2 Explicit focus on the Informal Economy nad the ILO approach

Although informal economy is increasingly recognised and tackled by the international community through various projects and programmes, only a few international organisations and donors have developed official standpoint on the topic. As discussed above, such stance is usually underpinned by the “value orientation”of the particular donor. In what follows we briefly describe the position of several major actors in the field who developed and implemented activities explicitly focused on the informal economy. It has to be noted that among these, ILO is the only major international organisation that developed several official documents describing its position towards the informal economy and providing a normative advice. For other organizations that do not have such a comprehensive position towards the IE, the formulation of conclusions and recommendations on the informal economy is usually provided by consultants whose views do not necessarily represent the institutional point of view. The lack of official standpoint on the informal economy is partially due to the lack of unambiguous research results that could inform and inspire the official positions.


3. Systematic normative approach to the Informal Economy by the ILO

ILO has been preoccupied with the informal economy issues since the early 1970s. This orientation was in line with the organisation’s focus on the strategic priorities of labour standards, social protection, employment, and social dialogue. All the four are immanently linked to the issues of informality. Notably the ILO’s role as the global standard-setter in the social field required attention be paid to the informality as a serious governance issue. Social standards, like any other standards, have to be enforced. Therefore, informality was a legitimate and serious concern, as informality would undermine the implementation and enforcement of the standards defined by the ILO Conventions. Another feature that predetermined the ILO’s role in the field was its tripartite character and preoccupation with labour and social affairs.[2]Tripartism is inherent in all ILO’s activities as the representatives of workers, employers and governments are the main ILO’s constituents. Therefore, the organisation developed expertise over the years in dealing with a broad range of national organisations, including NGOs and organisations that have to fight for their recognition by the national authorities. These skills also equipped the ILO to deal with the subjects in the informal economy and to have a potential outreach to the informal economy units.

Finally, another comparative advantage in dealing with the issues of informality is the ILO’s legal expertise in the field of international social standards accompanied by relatively good enforcement mechanism. The latter consist of the regular reporting obligations by all the tripartite constituents, the Committee of Experts on the Application of Conventions and Recommendations (CEACR), the Commission of Inquiry, and eventually the power to cast global UN embargo on a country that does not comply with the fundamental standards[3]. These qualities predetermined the ILO’s role as a global fore-runner in the field of informal economy, notably the informality at work. Therefore, already in early 1970s, long before other major international organisations, ILO was explicitly dealing with the informal economy issues (e. g. ILO 1972 employment mission, as described in more detail also in Charmes, RNSF ARS Progetti, 2016).

During the 1980s and notably 1990s, the organisation strengthened its focus on fundamental rights (defined by the eight “core” Conventions by the ILO). These were concentrated mainly in the field of protection from discrimination, eradication of forced labour and child labour, and securing freedom of association - once again phenomena largely represented in the informal economy.

The Decent Work agenda introduced by Juan Somavia (later the ILO Director General) stemmed from his work on globalizing social progress in 1990s (People’s Security). As of 2000s, the Decent Work represents the organisation’s leading agenda. In brief, the notion of “decency” is linked to the preoccupation with qualitative aspects of work (rather than just number of jobs created), while the notion of “work” expressed the value orientation towards active “working out of poverty” - rather than just passively receiving social benefits. This orientation captures the basic juxtaposition between the ILO and the World Bank interventions on the poverty reduction front. In particular, in the PRSP documents of late 1990s, the World Bank tended to follow quantitative targets for employment (if any) and did not dwell on activation into employment and other qualitative issues related to the process of working out of poverty. The focus on activation into employment is strong also in the EU employment strategies since the 2000s (activation is understood as a necessity if growth has to be achieved with shrinking and ageing populations). Therefore, the EU employment interventions have been in line with the ILO values and strategies over the past two decades, both in the EU Member States, and in its foreign interventions.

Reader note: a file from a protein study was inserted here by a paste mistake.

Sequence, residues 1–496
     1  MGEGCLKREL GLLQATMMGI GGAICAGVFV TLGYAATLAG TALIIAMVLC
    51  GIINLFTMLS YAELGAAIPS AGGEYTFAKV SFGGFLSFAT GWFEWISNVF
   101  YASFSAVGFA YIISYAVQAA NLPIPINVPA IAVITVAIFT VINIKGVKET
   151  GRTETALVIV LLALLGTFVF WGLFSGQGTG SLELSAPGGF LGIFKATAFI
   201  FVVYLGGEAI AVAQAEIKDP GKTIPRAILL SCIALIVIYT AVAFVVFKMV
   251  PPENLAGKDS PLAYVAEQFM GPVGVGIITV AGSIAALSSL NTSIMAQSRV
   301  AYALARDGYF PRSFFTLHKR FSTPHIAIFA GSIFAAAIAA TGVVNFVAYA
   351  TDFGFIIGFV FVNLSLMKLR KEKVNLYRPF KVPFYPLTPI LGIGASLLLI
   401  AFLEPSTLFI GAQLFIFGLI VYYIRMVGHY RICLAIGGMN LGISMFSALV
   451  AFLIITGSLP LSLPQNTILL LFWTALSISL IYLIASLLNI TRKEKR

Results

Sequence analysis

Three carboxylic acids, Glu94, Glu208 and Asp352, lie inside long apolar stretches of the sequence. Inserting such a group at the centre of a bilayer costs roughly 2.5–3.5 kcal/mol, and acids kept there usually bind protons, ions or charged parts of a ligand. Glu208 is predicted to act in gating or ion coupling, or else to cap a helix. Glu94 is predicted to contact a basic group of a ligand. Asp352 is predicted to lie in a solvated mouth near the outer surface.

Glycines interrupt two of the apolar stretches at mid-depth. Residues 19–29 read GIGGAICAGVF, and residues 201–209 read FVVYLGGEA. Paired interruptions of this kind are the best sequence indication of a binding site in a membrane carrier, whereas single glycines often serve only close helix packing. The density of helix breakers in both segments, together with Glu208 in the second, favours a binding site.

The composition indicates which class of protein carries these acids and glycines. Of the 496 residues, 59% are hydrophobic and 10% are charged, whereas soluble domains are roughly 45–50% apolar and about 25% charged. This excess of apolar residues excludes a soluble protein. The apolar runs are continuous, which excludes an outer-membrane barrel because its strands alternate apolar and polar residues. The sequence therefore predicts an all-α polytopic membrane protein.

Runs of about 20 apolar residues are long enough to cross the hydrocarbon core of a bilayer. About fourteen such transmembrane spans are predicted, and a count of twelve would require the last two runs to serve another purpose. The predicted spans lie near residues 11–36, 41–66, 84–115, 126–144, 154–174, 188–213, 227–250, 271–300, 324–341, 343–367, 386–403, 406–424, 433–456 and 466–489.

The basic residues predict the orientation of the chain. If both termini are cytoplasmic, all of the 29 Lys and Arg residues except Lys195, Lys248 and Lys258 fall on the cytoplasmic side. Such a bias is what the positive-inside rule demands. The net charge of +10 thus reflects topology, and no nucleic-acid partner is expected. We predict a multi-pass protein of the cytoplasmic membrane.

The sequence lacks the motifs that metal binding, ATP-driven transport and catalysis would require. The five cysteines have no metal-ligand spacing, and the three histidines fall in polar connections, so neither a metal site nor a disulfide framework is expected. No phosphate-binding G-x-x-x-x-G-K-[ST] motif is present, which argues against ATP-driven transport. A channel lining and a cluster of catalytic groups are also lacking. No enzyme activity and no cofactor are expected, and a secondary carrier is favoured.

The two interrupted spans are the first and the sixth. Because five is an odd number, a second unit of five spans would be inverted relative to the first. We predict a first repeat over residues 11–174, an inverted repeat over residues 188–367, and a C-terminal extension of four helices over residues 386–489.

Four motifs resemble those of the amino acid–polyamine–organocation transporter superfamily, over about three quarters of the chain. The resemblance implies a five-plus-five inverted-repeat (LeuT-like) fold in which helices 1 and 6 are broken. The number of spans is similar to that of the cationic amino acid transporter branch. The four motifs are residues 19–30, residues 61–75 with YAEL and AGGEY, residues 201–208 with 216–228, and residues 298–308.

Over the past decade, the Decent Work has made its way into a number of international documents and development frameworks. It continues to position the ILO as the rights-based organisation focused on both qualitative and quantitative aspects of social development (e.g. the More and Better Jobs initiative).

As described in Charmes, RNSF, ARS Progetti (2016), a seminal work on defining and measuring the informal economy was supported by the ILO and the International Conference of Labour Statisticians (ICLS). While ICLS helped to define the basic terminology capturing various aspects of informality at work (informal sector, informal economy, informal employment, employment in the informal sector, etc. - see Volume 2 for more details), the Report on Decent Work and the Informal Economy submitted by the ILO to the 90th ILC session in 2002 contained background analysis and orientation that resulted in the adoption of the ILC Conclusion on the informal economy (2002). Operationalisation of the ILO’s work on informal economy should be underpinned by the ILC Conclusions (Report to the Committee on the Informal Economy, 19th Session June 2002), and the corresponding Resolution that calls for re-adjusting the resources of the current biennium to take on board work outlined in the Conclusions (both documents can be consulted under ref. GB.285/7/2, 285th Session, Geneva, November 2002). The Conclusion and the underlying work by the ILO inspired and reinforced the focus on informal economy for a number of governments (see the overview of national policies in further section of this Volume) and international organisations.